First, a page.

I’ve lost count of how many times I’ve reviewed/talked about Ewha books to learn Korean.
[KOREAN TEXTBOOK REVIEW] EWHA KOREAN LEVEL 1 & 2 이화 한국어 (short review)
Here you go.
The Level 1-2 books are quite similar to the 1-1 books (so please refer to this post for full review), with the main difference being longer passages / dialogues.
The Ewha books are really structured and well organised, with a sense of continuity from each level to the next, so I’ll be repeating what I’ve said in previous reviews again.
Which I’m sure you are already bored of it.
Each chapter here introduces around 5-6 grammar points and covers structures such as:
- -ㄹ 거예요
- -고 있다
- -(으)ㄴ 후에
- (으)ㄹ 까요
- 에게서, 한테서
- -(으)ㄹ 수 있다
- -기 전에
- -아/어 되다
(not an exhaustive list, just meant as a rough guide)
Overall it’s a really good set of books, highly recommended! ^^
Tips on using the books:
- Read the instructions in Korean
The English version has instructions in English but don’t get too reliant on them. Practice reading the instructions in Korean (out loud) and sooner or later you get very used to the vocab and grammar used. Without memorising anything, you would have learnt quite a number of new words and see how certain grammar structures are used!
2. Create your own glossary
While they do have a glossary included, it’s great that you have a notebook on hand to write out the words you learn! Highlight each new word, and search them up via a dictionary.
Write down the word + meaning + an example sentence in your notebook. Better method than looking at the glossary! Learning is context is the way to go (:
3. Listen to the dialogue before looking at the transcript
Having transcripts of the dialogues at the back of the book isn’t a way to inconvenient the learner. The rationale is for you to listen first and then check your understanding. It’s easy to listen while looking at the transcript and you would be lured into this false sense that you can understand well. But this creates a reliance on transcripts and a lack of practice for listening!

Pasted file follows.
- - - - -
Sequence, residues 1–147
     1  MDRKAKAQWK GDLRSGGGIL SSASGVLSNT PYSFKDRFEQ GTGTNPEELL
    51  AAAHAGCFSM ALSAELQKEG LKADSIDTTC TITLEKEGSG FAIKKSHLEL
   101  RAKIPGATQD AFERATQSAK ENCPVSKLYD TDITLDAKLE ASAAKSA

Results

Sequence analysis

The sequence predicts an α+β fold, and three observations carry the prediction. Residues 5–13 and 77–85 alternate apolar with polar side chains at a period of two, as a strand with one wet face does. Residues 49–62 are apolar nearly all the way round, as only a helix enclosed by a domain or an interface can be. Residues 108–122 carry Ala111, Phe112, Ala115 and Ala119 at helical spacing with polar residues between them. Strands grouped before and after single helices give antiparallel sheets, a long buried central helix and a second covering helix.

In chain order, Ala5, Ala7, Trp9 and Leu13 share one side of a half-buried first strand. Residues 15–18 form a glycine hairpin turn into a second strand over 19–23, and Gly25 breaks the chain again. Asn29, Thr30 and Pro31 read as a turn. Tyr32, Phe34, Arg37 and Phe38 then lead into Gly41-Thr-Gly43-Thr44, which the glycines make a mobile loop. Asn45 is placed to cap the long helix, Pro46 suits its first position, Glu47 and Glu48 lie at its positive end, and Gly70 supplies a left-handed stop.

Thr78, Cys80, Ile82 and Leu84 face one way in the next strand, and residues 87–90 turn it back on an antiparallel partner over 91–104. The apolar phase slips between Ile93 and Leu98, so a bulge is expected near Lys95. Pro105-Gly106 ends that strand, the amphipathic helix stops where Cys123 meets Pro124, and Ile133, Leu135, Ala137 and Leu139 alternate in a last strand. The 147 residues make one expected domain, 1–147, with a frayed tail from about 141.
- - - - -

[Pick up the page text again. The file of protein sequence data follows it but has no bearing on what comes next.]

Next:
4. Revision is good, but so is continual progress
Everyone has their own learning style, but for me, I never ever revise the same materials I’ve learnt. My idea of revision is to learn the same grammar structure via another book or to read from a wider variety of sources. It’s not my style to review and review the same chapter over and over again.
Nobody is expecting you to understand 100%. If you find that you don’t understand a certain grammar structure, look for explanations online or from other books. Re-reading the same thing might not help you understand. There’s no point obsessing over something. Don’t know? Skip first!
5. Don’t try to make sense of a new language using your native tongue!
The idea of learning a new language is to open your eyes to new perspectives and understand a different way of communication. My personal opinion is that if you keep hanging on to “the old ways” and trying to see everything from a fixed perspective, you are going to find it super hard to progress. The frustration that Korean is vastly different from English would probably make you feel that it’s super difficult. Whereas if you approach it from a ‘blank slate’ and see it as what it is, you probably have an easier time learning it.
Avoid using English to learn Korean and obsessing over ‘translating’ everything.
Thank you twochois.com for sending over the books! 😀
If your 2016 resolutions include learning Korean, why not get this set of books! It’ll also be a good gift for a friend (: